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Hot topic of the week: Clawbacks

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Australian Broker | 24 Mar 2014, 07:00 AM Agree 0
Brokers spoke up in droves after an article on Friday on the unfairness of clawbacks
  • Tony Egan | 24 Mar 2014, 10:13 AM Agree 0
    It would be nice if the aggregators banded together and declined to have lenders on their panels who clawed back commissions from brokers -except in certain circumstances such as churning. Unfortunately I doubt it will ever happen as it does not affect them personally..They put their hand out every week for their pay and then tell us that claw backs are just part of doing business. Ha.
  • mrs skybum | 24 Mar 2014, 10:51 AM Agree 0
    I had a clawback years ago where i did a construction loan. At the end client said i gave excellent service but that didn't save me when they needed extra money and their combined wages did service an increase and the only way they got that was for someone to do something they shouldn't have yet i got punished for trying to do the right thing where is that fair. How about we take some of their hard earnt wages back a year after the deal and see how they feel. Bet u they wouldn't like it but us brokers have no choice.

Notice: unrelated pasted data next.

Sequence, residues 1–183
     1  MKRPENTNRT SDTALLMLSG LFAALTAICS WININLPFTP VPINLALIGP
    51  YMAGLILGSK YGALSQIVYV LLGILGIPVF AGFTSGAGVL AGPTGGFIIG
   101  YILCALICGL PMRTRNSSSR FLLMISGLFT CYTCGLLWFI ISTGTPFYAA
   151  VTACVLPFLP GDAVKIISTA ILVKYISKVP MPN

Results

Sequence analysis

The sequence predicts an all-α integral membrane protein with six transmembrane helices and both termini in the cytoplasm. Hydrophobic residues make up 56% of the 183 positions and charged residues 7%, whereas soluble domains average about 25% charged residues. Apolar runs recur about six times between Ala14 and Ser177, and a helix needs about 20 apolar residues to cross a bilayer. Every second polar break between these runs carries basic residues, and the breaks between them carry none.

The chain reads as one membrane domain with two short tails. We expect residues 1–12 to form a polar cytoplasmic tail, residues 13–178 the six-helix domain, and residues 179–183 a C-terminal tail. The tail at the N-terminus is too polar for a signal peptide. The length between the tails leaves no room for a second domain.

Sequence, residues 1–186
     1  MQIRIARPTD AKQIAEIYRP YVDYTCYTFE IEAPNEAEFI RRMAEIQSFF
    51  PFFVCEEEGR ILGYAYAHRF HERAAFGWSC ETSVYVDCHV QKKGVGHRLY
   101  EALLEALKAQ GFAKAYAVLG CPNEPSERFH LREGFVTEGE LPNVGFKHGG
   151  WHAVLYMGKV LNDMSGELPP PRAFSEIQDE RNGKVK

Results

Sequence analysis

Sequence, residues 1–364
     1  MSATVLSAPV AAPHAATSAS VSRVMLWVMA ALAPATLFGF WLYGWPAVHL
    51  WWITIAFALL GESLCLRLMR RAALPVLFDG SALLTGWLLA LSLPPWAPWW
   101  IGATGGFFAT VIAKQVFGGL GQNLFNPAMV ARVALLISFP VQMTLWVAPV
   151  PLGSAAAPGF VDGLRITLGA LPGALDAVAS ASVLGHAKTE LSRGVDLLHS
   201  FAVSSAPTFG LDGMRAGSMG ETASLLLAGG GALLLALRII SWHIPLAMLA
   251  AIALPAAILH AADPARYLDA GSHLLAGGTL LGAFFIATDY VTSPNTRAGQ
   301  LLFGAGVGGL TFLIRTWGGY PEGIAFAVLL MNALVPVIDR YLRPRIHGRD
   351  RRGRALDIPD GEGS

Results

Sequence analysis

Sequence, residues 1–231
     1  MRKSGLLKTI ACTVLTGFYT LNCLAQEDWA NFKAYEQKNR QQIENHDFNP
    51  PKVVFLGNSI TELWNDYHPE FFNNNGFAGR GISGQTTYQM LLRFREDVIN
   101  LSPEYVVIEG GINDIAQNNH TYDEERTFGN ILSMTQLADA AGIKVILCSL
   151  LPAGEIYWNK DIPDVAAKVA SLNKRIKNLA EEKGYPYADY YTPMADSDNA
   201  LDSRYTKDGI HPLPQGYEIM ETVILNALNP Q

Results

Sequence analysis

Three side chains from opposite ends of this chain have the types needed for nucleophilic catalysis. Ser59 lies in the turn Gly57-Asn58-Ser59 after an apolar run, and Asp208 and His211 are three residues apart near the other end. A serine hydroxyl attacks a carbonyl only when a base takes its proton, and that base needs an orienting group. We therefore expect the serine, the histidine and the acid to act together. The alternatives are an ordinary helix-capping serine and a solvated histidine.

• Broker - 15 Years | 24 Mar 2014, 10:57 AM Agree 0
    Every business has issues which are outside their direct control however it is the responsibility of the business owner(s) to create a strategy to mitigate the effect or risk of these issues.
    Clawback in it's basic form is simply an expense passed on to a distributor by a supplier and therefore it is logical & common business practice for this additional cost to be passed on to the consumer.
    This can be achieved simply & legally by including a "Clawback Refund" clause within the Mortgage Broking Contract / Quote as referred to by "Broker" & "Tim H".
    Why play the "Blame Game" when a simple & effective solution is available to all Brokers.
  • Russell Watson | 24 Mar 2014, 11:02 AM Agree 0
    Banks love to avoid risk and claw-backs are one way they push risk off their own balance sheet and on to brokers. If a loan was written in a branch and then closed down 10 months later, would the branch loans officer have his pay docked? Of course not.
    The work done by brokers is continually devalued by banks despite them trumpeting how important we are to them. There are many reasons a loan may close within a year or 2 of settling. Almost all of them have nothing to do with the broker and should be included in the normal risk a bank takes in doing business with any client. We are writing 50% of the overall loan business but we do so at the risk of working for free as an extension of the bank. We have a function as part of the banks risk mediation program and we are regarded as worthless by the banks unless they are seeking our support for their loan sales process
  • Troy McLachlan - Future Financial | 24 Mar 2014, 11:21 AM Agree 0
    It has been interesting watching this debate play out over the last few days with some very valid points from all sides.

    At Future Financial we never introduced clawbacks and will continue to offer this value proposition in support of our Brokers.

    When DEF’s were removed we spent a lot of time internally working through our numbers and calculating what the cost of clawbacks from our Funders to Future Financial would possibly be. On these numbers we decided as a business that we would not pass this cost onto our brokers.